Wednesday, 15 September 2010
Cattle and TB
The scrolling caption at the bottom of the television screen stated that 25000 cattle were slaughtered after contacting TB. This led Barry and me to ponder how they managed to communicate.
Did the head cow, the leader of the herd - there doesn't seem to be a bovine equivalent of bellwether - pick up the phone? Rather difficult for a hoofed animal, but they're cleverer than they look, those cows. Maybe she was an independently minded modern heifer, not allowing any glass ceiling to prevent her advancement, and texted Mr TB. Perchance she used email. Whatever the form of exchange, did she then regret it, fearing she may have sealed her fate and that of her friends and relations?
Ms Heifer to her compatriots: 'Sisters, I have this day spoken to Mr TB and if I may quote Mr Chamberlain, "I believe it is peace for our time ... peace with honour." We shall prevail.'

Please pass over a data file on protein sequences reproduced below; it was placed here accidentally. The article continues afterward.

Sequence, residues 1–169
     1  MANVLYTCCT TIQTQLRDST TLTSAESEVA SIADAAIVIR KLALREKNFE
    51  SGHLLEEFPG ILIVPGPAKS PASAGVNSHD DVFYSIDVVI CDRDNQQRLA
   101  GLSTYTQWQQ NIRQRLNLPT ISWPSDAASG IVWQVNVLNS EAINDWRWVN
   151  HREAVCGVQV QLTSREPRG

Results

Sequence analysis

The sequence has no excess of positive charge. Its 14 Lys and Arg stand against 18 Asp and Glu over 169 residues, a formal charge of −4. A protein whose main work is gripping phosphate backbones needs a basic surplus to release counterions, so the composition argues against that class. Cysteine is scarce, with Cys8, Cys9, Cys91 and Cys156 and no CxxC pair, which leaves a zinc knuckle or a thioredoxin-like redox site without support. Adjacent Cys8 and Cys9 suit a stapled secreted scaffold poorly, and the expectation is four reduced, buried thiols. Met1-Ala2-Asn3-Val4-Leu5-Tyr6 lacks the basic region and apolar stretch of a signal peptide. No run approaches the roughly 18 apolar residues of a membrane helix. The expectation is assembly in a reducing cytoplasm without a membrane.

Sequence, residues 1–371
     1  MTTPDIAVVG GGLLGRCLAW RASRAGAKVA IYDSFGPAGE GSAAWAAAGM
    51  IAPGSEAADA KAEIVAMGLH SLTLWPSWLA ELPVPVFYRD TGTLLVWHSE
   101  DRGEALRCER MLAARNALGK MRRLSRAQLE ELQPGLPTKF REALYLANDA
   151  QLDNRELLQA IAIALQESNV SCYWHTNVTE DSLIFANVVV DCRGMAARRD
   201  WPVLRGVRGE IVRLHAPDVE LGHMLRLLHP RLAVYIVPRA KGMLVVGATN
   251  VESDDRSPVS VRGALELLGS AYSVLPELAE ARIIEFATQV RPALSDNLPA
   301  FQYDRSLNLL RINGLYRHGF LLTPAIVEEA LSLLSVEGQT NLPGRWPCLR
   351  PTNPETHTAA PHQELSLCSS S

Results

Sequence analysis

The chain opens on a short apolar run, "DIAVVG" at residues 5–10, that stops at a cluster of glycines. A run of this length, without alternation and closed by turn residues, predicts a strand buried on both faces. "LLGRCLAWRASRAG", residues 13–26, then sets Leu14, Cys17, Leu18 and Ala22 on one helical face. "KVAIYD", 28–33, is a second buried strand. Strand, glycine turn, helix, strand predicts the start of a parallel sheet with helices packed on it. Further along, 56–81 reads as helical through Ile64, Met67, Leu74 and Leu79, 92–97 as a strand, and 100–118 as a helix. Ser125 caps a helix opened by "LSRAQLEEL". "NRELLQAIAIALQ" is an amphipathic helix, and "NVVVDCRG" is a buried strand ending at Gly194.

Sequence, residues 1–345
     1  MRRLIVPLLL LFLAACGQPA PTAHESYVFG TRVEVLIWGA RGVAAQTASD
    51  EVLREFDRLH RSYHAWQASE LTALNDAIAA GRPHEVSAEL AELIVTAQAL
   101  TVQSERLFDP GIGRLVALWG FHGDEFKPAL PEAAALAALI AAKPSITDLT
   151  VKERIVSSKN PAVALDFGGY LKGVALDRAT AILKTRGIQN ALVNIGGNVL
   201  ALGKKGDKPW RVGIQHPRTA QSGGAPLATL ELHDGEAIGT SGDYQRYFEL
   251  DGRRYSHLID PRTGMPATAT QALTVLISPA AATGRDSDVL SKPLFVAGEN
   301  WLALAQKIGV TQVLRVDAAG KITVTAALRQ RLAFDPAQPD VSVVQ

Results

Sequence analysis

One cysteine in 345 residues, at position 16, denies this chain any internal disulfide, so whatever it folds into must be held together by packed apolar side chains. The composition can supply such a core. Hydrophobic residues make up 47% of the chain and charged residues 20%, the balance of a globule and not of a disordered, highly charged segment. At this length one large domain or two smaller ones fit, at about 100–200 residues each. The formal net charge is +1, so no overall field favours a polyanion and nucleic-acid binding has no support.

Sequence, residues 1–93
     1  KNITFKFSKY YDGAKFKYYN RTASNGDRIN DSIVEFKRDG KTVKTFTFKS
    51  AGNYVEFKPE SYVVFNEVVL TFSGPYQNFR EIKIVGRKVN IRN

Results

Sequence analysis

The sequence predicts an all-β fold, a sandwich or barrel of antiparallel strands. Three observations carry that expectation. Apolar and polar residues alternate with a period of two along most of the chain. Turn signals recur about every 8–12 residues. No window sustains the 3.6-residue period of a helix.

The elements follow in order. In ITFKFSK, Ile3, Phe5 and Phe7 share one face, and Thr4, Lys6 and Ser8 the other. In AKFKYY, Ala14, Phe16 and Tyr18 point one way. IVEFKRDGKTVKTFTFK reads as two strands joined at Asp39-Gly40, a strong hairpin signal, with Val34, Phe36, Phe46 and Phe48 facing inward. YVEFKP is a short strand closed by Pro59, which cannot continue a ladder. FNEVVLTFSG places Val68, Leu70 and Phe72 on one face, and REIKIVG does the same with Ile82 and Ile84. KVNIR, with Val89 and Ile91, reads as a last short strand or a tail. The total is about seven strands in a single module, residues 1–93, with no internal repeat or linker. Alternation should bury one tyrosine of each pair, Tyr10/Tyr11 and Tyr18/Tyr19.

The cows ceased their cud chewing to moo loud and long at her encouraging words. When it became apparent that there would be no amity and that she and 24999 of her extended family were doomed she was deeply saddened. Hearing the piteous lowing of her companions she addressed them once more, her beautiful dark brown eyes shining with unshed tears.
Ms Heifer: 'My fellow cows, it is with a heavy heart that I have to tell you that Mr TB has reneged on his word and that consequently this herd is at immediate danger. You can imagine what a bitter blow it is to me that all my long struggle to win life has failed. Yet I cannot believe that there is anything more or anything different that I could have done and that would have been more successful. I know that you will all play your part with calmness and courage for the sakes of your relatives far away who have been spared this terrible burden. I beg you not to blame the badgers - they are innocent of any evil motive.'
Ms Heifer quietly lowered her head and pulled a mouthful of sweet grass and began to ruminate, physically and meditatively. Her peers followed her example, listening all the while for the rumble of cattle lorries.